Documents released Friday by the Senate show that Worthen had been previously accused of harassment while he worked as a legislative director for former state Sen. Leland Yee (D-San Francisco). Worthen was terminated from his job in July 2011 after a Senate investigation.
Allen, a state assemblyman from Huntington Beach, was accused of repeated physical contact that made a staff member “uncomfortable” in early 2013. The woman alleged that Allen made it “a practice of being unnecessarily close to her,” such as touching her foot with his underneath a table during a meeting and approaching her from behind in a cafeteria and squeezing her shoulders, according to the documents.
Jon Waldie, then chief administrator to the Assembly, responded to the complaint by telling Allen to be “very conscious of his conduct,” according to the documents. Allen responded by saying he could not recall being “too familiar” with any staff members, but did recall two women being overly friendly with him outside of work.
Sexual harassment investigations by the Calfornia Legislature cost taxpayers $294,271 from early 2006 through the end of last year, according to a document provided Friday to the Los Angeles Times.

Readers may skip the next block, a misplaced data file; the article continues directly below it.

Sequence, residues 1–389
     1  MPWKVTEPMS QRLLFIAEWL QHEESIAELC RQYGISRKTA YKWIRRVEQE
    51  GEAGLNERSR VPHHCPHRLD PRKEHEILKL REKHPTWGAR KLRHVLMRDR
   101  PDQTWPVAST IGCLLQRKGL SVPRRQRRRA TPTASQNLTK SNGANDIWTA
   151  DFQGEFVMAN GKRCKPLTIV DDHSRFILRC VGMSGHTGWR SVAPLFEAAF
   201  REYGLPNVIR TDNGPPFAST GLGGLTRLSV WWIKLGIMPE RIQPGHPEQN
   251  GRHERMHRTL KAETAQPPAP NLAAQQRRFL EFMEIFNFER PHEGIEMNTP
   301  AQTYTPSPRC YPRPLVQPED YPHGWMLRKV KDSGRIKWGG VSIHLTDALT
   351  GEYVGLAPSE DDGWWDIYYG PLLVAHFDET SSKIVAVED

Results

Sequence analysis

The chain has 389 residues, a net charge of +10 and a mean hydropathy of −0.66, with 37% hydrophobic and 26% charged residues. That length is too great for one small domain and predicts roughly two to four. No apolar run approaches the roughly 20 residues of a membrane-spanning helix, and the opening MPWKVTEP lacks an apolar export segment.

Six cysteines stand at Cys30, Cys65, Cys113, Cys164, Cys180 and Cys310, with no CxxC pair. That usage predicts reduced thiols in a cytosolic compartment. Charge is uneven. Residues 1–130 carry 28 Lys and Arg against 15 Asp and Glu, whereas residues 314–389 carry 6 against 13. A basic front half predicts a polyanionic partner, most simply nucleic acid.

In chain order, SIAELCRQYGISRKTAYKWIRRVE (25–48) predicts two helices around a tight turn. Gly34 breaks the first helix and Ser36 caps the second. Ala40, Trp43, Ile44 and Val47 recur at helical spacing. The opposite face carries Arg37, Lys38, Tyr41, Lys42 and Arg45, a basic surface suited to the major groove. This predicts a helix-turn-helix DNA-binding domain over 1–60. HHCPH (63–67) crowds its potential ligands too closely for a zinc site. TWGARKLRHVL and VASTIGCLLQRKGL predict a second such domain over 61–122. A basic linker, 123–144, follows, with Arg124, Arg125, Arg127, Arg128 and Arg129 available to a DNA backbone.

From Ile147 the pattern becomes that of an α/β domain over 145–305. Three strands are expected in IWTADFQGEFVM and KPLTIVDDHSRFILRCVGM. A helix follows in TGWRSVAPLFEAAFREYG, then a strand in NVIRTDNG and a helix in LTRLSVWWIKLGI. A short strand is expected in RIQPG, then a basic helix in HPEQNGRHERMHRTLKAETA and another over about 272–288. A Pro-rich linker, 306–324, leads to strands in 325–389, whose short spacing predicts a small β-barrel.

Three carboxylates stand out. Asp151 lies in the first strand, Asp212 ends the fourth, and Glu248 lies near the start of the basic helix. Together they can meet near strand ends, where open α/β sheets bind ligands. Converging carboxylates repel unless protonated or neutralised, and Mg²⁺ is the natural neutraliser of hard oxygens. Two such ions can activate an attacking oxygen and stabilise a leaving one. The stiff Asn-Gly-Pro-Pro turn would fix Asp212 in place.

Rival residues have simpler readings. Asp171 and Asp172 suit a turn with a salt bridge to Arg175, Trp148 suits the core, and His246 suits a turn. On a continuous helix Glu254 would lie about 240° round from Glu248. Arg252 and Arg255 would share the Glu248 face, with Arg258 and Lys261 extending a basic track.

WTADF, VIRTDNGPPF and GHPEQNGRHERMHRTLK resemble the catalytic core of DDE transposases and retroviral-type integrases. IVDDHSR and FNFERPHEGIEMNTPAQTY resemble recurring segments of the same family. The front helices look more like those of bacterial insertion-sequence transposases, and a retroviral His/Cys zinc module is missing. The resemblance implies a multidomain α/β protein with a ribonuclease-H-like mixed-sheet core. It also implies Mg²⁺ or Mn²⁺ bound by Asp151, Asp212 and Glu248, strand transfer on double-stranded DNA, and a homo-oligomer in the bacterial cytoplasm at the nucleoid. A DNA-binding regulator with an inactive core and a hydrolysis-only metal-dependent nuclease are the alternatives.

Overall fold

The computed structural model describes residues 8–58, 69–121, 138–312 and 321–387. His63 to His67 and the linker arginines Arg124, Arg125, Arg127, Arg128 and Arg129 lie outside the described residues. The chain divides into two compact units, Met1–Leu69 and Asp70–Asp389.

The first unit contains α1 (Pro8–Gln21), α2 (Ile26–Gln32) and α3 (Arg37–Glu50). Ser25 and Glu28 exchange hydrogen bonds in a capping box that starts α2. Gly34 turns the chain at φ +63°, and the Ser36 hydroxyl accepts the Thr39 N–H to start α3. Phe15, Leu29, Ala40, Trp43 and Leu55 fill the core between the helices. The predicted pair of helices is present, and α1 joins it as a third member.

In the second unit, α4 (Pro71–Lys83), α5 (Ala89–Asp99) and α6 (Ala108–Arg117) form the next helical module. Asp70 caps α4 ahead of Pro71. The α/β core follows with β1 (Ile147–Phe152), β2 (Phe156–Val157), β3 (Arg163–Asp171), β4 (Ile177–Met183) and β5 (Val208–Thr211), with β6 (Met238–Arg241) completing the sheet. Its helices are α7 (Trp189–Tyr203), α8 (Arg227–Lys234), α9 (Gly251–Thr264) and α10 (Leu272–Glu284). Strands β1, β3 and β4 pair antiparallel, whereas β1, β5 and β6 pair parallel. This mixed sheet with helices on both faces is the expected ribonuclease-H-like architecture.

Most of the money was spent by the Assembly in 2017 in the wake of intense scrutiny of misconduct under the state Capitol dome. The document marks the first time legislative officials have revealed the cost of outside investigators in examining claims against lawmakers, staff members and others.
Of the total amount, almost $144,000 was spent by the Assembly last year to investigate eight allegations. The Senate, which reported hiring no outside help on investigations from 2006 to 2016, spent slightly more than $47,000 last year in examining seven allegations.
Eighteen alleged cases of sexual harassment, ranging from sharing of pornographic photos to a staff member accused of grabbing a woman’s buttocks and genitals, were publicly disclosed by the California Legislature on Friday, detailed through investigation records that had been shielded in some cases for more than a decade.